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Difference between Marginal and incremental VAR

#41
Thank you @Nicole Seaman that is exactly the relevant email: we only received it this week. We've been driving this point for years actually, so I am very happy to report that GARP finally understands the importance of a correctly specified portfolio VaR. Jamal (@GARP2015 ) you are exactly correct about an easy test for the betas; below is the specification that I sent GARP for this question. Notice that indeed (140/300) * 1.3347 + (160/1300) * 0.7071 = 1.00. Thank you!

Thanks David, I appreciate your response.
Actually, I have found the same inconsistency in 2010 practice exam and maybe more in other years, so since 2010 GARP are publishing wrong questions.
How many candidates failed FRM because of these questions? Remember that FRM practice questions are old real exams !!!
Finally, one more way to calculate component VaR contribution=(Beta*weight * Portfolio VaR), then you can calculate Marginal VaR by dividing CVaR over position value. In the example above and using correct Betas, Component Contribution of HIJ = 1.337 * 140/300 = 62.3%, the CVaR = 62.3%* 67.62 = 42.19, MVaR = 42.18/140 = 0.30.

It is easier to start with Beta ...

Jamal
 

David Harper CFA FRM

David Harper CFA FRM
Staff member
Subscriber
#42
Hi Jamal (@GARP2015 ) Yes, exactly, believe you me that I am very unhappy :mad: about the low standard that has historically been employed on the portfolio VaR questions; I have supplied GARP with the correct approach to internal consistency many many times. It is very disappointing to me personally, especially given that it takes hard work to master these concepts. Candidates, who invest significantly their time and money, deserve correctly specified questions.

In regard to your alternative approach, yes, I do agree! You will note that my spreadsheet contains three approaches to Component VaR, the first approach is "Component VaR = marginal VaR * Position" and the second approach is "Component VaR = Portfolio VaR * position weight (wi) * beta (i,P)." So that's consistent with your approach above. Thank you!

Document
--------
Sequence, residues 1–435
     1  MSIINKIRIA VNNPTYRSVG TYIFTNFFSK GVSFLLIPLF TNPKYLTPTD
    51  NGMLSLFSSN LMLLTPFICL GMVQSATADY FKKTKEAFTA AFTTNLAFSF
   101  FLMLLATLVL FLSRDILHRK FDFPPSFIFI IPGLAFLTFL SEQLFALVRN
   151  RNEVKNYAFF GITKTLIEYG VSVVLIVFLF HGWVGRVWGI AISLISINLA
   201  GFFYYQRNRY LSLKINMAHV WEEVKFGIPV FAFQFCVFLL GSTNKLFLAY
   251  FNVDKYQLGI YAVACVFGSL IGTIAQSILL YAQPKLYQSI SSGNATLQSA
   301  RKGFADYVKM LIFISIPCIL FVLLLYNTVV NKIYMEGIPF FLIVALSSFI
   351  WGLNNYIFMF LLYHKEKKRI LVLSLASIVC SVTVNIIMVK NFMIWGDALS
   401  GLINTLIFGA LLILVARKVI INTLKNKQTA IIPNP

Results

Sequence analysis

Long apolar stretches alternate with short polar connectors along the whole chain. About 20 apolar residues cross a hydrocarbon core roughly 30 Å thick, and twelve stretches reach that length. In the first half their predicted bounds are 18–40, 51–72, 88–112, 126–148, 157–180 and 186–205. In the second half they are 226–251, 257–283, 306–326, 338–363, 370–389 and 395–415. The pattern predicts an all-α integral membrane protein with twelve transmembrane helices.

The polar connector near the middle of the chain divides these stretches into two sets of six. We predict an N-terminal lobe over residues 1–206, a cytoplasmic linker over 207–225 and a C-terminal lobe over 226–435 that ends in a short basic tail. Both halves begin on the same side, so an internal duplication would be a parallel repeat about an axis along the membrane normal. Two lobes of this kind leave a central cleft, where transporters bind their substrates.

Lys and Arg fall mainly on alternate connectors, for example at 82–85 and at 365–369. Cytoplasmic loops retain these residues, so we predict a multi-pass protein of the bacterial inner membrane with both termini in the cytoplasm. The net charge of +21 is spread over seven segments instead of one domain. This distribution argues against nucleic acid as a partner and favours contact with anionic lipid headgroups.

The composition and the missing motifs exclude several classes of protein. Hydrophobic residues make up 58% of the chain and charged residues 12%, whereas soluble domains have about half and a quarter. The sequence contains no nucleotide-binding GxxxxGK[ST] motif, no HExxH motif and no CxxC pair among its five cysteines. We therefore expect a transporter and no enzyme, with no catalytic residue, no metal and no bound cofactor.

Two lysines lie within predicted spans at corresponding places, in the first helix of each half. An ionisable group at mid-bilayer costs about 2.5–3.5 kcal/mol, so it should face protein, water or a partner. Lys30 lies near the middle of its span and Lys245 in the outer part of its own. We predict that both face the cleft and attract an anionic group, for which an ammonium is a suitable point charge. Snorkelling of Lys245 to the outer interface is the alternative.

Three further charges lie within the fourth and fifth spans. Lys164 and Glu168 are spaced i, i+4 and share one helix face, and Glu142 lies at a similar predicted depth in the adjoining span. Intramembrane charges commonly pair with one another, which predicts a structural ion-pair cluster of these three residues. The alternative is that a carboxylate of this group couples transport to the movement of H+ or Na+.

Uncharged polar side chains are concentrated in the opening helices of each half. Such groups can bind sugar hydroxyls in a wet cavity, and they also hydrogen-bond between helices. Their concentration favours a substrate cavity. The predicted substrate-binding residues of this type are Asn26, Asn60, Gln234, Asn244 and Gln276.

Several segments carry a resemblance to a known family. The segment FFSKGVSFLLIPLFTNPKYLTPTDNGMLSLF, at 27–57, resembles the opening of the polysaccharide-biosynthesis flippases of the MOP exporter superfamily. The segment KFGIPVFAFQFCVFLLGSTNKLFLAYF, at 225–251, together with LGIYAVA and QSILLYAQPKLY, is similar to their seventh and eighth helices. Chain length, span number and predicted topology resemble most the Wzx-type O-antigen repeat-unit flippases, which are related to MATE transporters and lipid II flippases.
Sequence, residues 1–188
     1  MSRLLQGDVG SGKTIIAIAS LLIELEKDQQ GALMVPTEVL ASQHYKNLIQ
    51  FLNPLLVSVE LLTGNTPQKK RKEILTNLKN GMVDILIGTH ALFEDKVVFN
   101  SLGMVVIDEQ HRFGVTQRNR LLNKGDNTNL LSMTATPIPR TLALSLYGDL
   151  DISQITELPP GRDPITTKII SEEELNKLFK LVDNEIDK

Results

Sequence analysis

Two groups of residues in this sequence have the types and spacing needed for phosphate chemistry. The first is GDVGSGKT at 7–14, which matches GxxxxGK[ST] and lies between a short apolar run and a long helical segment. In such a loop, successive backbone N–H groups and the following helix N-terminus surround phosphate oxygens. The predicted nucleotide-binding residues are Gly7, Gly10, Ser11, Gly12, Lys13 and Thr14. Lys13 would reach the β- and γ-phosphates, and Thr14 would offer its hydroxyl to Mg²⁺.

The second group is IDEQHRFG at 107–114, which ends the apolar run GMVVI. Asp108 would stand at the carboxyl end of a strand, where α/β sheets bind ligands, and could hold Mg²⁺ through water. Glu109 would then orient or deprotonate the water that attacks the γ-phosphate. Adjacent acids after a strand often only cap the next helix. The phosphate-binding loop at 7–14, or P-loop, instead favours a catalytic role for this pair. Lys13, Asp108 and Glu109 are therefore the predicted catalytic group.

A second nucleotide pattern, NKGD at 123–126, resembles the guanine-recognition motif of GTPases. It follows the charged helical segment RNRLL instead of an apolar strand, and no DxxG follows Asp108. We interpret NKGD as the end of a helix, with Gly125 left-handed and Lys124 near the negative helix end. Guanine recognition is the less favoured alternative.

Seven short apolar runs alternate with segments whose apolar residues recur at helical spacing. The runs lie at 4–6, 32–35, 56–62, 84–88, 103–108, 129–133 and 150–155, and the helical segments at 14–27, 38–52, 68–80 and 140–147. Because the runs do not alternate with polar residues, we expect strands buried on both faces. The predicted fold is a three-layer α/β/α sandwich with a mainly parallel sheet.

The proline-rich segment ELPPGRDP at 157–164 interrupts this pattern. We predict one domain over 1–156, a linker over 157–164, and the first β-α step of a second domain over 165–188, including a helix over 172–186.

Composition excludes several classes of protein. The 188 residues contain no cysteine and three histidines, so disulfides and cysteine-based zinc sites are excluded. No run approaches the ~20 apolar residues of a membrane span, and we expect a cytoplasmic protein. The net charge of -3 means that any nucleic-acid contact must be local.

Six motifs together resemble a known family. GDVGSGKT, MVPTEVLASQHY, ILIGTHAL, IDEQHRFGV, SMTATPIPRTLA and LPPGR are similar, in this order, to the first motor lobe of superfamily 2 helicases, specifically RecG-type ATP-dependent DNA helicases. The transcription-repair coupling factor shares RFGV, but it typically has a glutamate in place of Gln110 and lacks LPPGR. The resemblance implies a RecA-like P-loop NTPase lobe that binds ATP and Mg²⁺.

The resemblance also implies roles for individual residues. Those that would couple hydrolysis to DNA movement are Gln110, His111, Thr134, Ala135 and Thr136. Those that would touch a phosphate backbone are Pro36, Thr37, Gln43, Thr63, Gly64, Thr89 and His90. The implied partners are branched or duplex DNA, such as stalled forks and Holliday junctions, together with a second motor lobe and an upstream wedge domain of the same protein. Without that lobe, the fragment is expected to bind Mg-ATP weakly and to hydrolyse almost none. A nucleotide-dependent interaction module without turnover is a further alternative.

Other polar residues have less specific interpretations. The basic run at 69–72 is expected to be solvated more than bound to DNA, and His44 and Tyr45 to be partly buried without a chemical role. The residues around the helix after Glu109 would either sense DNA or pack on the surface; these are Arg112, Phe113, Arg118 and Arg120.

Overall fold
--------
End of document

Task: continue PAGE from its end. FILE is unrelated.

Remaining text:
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#43
Hi David

For the GARP FRM Part-2 2017 Qstn#60

Asset position Value (USD million) Return Standard Deviation (%) Beta(To Portfolio)
HIJ 200 30 1.30
KLM 300 25 0.55
Portfolio 500 20 1.0


----
For the above question

For the Diversification benefit can't I calculate without Marginal VaR ?

ie
Portfolio Var = 1.645*.0.2*500*=1645.5

VaR HIJ=1.645*.25*200=82.25
VaR KLM=1.645*.30*300=148.05
Total StandAlone VaR=82.25+148.05 =230.9

Benefit Of Diversification =230.9-1645.5=66.4

Why should we use Component VaR and calculate accordingly ?

Thanks in Advance
Biju
 

Nicole Seaman

Chief Admin Officer
Staff member
Subscriber
#44
Hi David

For the GARP FRM Part-2 2017 Qstn#60

Asset position Value (USD million) Return Standard Deviation (%) Beta(To Portfolio)
HIJ 200 30 1.30
KLM 300 25 0.55
Portfolio 500 20 1.0


----
For the above question

For the Diversification benefit can't I calculate without Marginal VaR ?

ie
Portfolio Var = 1.645*.0.2*500*=1645.5

VaR HIJ=1.645*.25*200=82.25
VaR KLM=1.645*.30*300=148.05
Total StandAlone VaR=82.25+148.05 =230.9

Benefit Of Diversification =230.9-1645.5=66.4

Why should we use Component VaR and calculate accordingly ?

Thanks in Advance
Biju
@Biju

Please note that I moved your question to this thread, where this practice question has been discussed in depth already. Note at the top that we use tags (i.e. garp17-p2-60) to tag the GARP practice questions. If you search by the tags, many times you will find that these questions have been discussed. This specific question has also been discussed in these two threads, which can also be found using the regular search function in the forum:
Thank you,

Nicole
 
#45
Hi David,
A quick maths/ covariance properties question on how covariance(x,p) is derived.
I get confused with how we square weights in the portfolio variance formula, but do not do this in the covariance (i,p) term i.e. weight(x)*covar(x,x) + weight(y)*covar(x,y).
Can you point me to the right derivation/ explanation please?
Thanks
 
#46
Hi @[email protected],

you can have a look at David's and my post here about the derivation of the covariance:

https://www.bionicturtle.com/forum/threads/p1-t2-705-correlation-hull.10172/#post-48565

proof of the covriance between two assets:

cov(i,j) = [cov(i,m)/variance(m)] * [cov(j,m)/variance(m)] * variance(m)

cov(i,j) = [std(i)*std(m)*corr(i,m)/variance(m)] * [std(j)*std(m)*corr(j,m)/variance(m)] * variance(m)

cov(i,j) = [std(i)*corr(i,m)/std(m)] * [std(j)*corr(j,m)/std(m)] * variance(m)

cov(i,j) = [std(i)*corr(i,m)*std(j)*corr(j,m)/variance(m)] * variance(m)

cov(i,j) = std(i)*corr(i,m)*std(j)*corr(j,m)

cov(i,j) = std(i)*std(j)*corr(i,j)

On top of this, remember this statement made by David:

while cov(i,j) = cov(j.i) but β(i,j) ≠ β(j,i) so it's important to specify the order for beta ("one variable with respect to another")
 
#47